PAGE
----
"Vinteuil Sonata"

I ended up down a rabbit hole about the first piece on this album: the violin sonata by Gabriel Pierné. I've known this work from a different recording I found while chewing through Pierné's music, but this performance really grabbed me. The energy of it — the ardent nervousness — takes you skitting along a tightrope from the start. One reason is that through the endless flow of notes the pianist Nathalia Milstein shapes the phrases and is sparing with the pedal, allowing the interesting textures to show instead of blurring them as I've heard in other recordings. As for her violinist sister Maria Milstein, her sound tends toward lithe, digging in where needed instead of all the time, though I wouldn't call it soft — more like woody or resiny. This combined with the clear piano lets you hear the details often flying by, and in the parts where the violin line follows that of the piano you can hear them balancing together. Hearing this recording helped convince me that this is one of the best violin sonatas ever, and it has a glorious ending.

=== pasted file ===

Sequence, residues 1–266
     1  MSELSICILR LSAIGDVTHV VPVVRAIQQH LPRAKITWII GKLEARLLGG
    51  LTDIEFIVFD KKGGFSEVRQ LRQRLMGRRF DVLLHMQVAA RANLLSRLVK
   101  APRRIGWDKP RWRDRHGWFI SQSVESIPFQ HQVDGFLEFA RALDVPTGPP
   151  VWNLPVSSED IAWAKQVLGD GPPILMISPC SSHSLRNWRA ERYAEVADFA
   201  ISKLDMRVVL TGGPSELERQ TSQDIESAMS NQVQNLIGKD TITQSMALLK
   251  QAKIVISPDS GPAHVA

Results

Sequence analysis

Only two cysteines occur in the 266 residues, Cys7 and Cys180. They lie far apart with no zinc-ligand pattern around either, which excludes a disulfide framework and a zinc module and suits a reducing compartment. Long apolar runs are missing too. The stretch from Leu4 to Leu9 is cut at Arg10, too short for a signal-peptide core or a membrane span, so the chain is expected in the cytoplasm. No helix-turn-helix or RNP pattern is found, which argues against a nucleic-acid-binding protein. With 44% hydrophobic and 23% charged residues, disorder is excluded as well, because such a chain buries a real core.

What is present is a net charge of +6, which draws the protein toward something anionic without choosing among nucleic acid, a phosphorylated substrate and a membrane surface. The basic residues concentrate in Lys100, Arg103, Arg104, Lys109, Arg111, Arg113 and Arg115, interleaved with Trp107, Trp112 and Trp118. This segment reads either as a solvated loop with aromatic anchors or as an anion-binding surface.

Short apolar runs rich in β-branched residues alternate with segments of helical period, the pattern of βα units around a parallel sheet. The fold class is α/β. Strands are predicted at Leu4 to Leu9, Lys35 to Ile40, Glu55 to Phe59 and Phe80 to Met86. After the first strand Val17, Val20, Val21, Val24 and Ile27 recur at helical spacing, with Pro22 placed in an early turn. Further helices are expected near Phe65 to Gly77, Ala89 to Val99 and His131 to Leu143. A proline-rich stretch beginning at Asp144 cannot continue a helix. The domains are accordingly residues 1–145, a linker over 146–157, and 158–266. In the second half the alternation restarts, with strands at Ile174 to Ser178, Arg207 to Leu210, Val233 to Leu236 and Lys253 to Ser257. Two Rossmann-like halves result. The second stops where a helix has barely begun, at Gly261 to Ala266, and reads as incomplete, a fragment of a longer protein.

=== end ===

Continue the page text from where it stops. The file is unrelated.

So I wanted to compare: I went listening to every other recording I could find on the Naxos streaming service. I found some interesting points of comparison, and ended up writing it up separately.

"Vinteuil Sonata" refers to a mystery sonata mentioned in Proust's "In Search of Lost Time". It's possible Proust actually heard some of the music on this album (aside from the Pierné, works by Camille Saint-Saëns, Claude Debussy, and Reynaldo Hahn) but in any case it's all performed with the same level of focus and zing.

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